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Facts & Statistics

Hungary could reach the standard of living level of the most developed countries by 2027

The most significant change is expected in the area of digitalization.

The pandemic could put Hungary on track to reach the income level of the most advanced countries by 2027, with a two-year delay, while non-EU countries will slow down their catching-up, according to a summary provided to MTI on Tuesday by analysts at Euler Hermes Credit Insurance and Allianz Research.

The analysis shows that in the short term, the welfare gap between rich and poor countries will narrow as the negative economic effects of the pandemic in 2020 initially hit developed countries hardest. However, looking at longer-term models, they found that in the medium to long term, the welfare gap could widen further, as developing countries have fewer means to mitigate the negative economic impacts and are slower to vaccinate their populations. 

In the new post-global economic environment, cheap labor will no longer be a priority for investors, and emerging countries may lose their main economic attraction, which has been a major contributor to the rise of the middle class in these societies. They also face the threat of indebtedness.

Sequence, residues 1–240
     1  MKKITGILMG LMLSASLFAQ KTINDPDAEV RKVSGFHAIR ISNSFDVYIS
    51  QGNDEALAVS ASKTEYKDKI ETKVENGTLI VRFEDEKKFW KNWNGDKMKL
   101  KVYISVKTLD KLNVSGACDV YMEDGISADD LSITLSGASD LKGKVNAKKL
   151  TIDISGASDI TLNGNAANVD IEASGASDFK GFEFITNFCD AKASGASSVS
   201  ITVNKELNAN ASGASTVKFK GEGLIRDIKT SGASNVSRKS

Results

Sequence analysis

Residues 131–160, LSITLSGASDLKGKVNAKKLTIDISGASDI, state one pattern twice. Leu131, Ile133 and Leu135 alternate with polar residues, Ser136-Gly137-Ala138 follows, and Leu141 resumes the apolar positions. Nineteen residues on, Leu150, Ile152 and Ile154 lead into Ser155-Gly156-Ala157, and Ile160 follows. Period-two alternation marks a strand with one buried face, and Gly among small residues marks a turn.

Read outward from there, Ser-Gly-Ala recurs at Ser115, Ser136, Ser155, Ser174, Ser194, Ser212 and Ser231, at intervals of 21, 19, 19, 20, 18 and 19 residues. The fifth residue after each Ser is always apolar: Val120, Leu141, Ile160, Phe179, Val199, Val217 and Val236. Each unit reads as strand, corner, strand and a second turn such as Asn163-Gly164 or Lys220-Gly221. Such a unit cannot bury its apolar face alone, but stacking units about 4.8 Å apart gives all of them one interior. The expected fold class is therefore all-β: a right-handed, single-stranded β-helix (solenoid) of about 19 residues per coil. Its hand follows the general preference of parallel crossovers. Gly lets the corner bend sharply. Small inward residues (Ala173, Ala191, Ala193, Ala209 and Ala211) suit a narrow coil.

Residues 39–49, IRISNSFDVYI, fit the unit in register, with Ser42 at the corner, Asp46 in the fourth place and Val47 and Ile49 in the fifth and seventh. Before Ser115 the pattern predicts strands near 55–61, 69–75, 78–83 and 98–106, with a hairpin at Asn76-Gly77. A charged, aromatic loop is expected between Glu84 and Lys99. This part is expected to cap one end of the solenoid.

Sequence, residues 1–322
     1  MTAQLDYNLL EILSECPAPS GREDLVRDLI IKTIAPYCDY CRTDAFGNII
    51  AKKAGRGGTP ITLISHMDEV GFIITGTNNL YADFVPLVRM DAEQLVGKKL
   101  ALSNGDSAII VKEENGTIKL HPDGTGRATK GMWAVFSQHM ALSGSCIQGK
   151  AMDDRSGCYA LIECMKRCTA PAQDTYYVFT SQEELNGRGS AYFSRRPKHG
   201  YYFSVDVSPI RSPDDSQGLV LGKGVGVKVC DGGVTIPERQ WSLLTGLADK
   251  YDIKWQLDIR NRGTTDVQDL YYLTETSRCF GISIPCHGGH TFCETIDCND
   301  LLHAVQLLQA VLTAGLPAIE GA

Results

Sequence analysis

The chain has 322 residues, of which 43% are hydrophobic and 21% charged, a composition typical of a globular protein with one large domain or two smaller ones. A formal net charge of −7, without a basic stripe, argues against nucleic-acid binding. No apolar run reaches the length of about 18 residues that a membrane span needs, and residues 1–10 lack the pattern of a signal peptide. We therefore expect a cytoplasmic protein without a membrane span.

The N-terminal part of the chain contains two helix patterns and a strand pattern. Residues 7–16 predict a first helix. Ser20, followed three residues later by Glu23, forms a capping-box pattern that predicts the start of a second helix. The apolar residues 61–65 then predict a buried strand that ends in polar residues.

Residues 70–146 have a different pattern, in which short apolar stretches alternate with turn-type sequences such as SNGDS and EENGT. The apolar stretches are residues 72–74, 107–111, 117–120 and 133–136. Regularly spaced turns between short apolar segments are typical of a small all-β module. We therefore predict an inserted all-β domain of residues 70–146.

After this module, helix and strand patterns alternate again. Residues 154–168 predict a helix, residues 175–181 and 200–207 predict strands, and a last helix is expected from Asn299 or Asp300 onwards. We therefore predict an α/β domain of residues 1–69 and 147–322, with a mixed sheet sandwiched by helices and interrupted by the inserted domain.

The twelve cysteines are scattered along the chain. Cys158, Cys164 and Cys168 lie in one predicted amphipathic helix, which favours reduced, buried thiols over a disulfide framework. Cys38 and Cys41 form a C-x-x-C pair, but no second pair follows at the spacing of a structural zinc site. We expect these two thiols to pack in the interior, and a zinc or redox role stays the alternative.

According to the experts, a country is classified in the most advanced high-income group when its per capita national income based on purchasing power parity (PPP) reaches 50 percent of that in the United States. The Czech Republic, Slovenia and then Estonia were the first countries to reach a high income level. They were followed by Lithuania in 2018 and Poland in 2019. Hungary could reach the standard of living level of the most developed countries by 2027 instead of 2025. 

The most significant change is expected in the area of digitalization. The use of artificial intelligence, robotization and the spread of the data-driven economy have reached a stage where they have the potential to completely transform the world of work. As a result, the cost of labor is increasingly irrelevant, which could lead to a widening of the global wealth gap.

The dominance of climate protection and green considerations can help the economies of developed countries in particular. Analysts expect a surge in investment in green sectors of the economy, driven by changing consumption patterns, especially in higher income countries. Consumers are increasingly favoring local producers, while the circular economy model and the sharing economy are gaining ground.

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